Angiogenesis induced by controlled release of neuropeptide substance P
The in vivo recruitment of circulating host cells to the site to be regenerated is one of the promising strategies for therapeutic angiogenesis. Substance P (SP), a member of neuropeptides, mediates pain perception and regulates wound healing, inflammation, tumor cell proliferation, and angiogenesis. This SP enhanced the migration, adhesion, and angiogenic gene expression of granulocytes in vitro. A biodegradable hydrogel was prepared from an anionic derivative of gelatin to achieve the controlled release of SP in vivo. When the anionic gelatin hydrogels incorporating SP were subcutaneously implanted into the mouse back, significant angiogenesis was induced around the site implanted, in contrast to the injection of SP solution. In vivo accumulation of granulocytes around the implanted sites was observed. It is concluded that the controlled release of SP efficiently induced the recruitment and the subsequent activation of granulocytes, one of the circulating cells with angiogenic activities, from the blood circulation into the site implanted, resulting in enhanced angiogenesis.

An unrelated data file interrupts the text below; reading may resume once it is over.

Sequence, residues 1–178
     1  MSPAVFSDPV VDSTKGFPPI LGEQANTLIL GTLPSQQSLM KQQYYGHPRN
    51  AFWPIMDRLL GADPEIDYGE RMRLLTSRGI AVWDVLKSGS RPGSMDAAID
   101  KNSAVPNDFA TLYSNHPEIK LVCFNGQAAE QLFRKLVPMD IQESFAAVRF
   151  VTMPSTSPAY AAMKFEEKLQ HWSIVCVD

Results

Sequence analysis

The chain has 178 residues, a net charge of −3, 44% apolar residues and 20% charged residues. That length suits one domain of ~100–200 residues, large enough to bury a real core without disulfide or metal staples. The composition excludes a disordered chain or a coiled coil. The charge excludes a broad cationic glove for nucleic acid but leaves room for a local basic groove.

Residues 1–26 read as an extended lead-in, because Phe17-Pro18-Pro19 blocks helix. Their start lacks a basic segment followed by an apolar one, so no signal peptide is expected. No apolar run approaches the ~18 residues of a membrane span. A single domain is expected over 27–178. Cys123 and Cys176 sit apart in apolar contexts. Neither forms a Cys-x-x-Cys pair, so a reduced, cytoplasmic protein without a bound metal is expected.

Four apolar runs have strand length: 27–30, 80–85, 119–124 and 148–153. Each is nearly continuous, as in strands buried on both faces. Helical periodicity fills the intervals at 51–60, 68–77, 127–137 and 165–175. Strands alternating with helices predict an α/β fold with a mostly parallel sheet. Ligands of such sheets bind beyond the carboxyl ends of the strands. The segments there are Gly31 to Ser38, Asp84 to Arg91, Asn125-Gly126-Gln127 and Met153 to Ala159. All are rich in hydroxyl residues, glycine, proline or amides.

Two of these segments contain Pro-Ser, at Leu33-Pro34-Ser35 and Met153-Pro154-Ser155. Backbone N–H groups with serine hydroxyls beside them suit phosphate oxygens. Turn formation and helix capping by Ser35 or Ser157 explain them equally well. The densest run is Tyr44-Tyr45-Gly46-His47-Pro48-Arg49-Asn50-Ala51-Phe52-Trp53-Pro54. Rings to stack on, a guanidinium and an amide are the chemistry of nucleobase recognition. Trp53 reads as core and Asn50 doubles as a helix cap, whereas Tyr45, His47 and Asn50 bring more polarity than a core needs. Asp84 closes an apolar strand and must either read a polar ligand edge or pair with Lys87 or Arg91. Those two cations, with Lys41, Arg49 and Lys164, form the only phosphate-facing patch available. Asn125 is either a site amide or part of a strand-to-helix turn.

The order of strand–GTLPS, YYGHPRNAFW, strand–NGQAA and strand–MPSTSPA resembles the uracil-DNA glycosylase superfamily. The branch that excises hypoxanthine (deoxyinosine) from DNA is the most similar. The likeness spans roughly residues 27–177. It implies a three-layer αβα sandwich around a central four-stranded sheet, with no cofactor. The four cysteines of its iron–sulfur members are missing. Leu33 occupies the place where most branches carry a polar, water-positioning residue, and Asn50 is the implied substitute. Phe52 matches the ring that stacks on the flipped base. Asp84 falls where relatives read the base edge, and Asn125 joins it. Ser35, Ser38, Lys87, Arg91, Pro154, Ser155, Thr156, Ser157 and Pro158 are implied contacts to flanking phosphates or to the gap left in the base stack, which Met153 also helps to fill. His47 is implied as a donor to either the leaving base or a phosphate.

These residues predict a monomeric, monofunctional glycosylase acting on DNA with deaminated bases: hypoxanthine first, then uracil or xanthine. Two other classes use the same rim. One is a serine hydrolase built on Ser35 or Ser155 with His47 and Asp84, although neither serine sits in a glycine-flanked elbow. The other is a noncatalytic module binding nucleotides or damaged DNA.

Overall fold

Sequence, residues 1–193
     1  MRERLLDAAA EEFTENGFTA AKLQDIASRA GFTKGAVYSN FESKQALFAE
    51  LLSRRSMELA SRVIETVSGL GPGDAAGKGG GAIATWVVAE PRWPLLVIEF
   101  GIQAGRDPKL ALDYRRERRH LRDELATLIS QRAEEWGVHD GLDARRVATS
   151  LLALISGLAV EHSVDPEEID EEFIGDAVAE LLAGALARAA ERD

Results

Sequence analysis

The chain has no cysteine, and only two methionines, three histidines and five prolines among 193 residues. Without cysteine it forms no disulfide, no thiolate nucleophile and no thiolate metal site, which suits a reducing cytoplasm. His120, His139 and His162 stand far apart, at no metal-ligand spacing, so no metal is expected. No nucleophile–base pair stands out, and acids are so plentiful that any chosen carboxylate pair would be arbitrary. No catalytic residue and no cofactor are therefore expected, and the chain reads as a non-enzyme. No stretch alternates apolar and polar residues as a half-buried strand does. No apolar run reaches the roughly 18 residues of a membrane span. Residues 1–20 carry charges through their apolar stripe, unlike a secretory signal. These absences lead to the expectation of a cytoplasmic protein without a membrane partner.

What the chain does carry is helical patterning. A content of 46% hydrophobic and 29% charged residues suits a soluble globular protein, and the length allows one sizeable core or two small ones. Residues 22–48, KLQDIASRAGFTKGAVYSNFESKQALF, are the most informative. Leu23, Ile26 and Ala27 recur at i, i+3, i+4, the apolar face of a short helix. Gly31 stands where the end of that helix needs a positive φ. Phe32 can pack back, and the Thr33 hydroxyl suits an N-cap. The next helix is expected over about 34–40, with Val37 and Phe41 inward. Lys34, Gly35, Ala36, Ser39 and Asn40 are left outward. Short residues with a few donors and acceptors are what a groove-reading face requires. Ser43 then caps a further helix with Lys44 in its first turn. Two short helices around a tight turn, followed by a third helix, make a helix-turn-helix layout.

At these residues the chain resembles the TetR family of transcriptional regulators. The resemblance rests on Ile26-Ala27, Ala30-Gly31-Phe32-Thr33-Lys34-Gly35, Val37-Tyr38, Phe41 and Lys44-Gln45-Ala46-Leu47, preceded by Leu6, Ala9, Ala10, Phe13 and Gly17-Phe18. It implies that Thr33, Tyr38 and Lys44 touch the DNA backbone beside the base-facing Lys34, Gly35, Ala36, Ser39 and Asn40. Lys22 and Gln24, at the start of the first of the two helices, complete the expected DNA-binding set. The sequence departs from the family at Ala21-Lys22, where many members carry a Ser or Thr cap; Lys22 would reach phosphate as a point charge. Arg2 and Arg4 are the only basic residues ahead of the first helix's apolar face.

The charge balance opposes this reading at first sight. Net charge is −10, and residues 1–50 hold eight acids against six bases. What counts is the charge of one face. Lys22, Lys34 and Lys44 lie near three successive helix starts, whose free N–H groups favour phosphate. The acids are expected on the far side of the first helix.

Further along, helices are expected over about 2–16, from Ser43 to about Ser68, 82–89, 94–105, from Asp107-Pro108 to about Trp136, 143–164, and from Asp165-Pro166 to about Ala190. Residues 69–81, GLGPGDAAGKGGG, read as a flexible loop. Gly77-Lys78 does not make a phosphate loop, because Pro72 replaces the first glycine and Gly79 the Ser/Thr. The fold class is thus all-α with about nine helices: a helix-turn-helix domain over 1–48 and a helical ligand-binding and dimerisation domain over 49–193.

Journal: Biomaterials - Volume 31, Issue 33, November 2010, Pages 8617–8625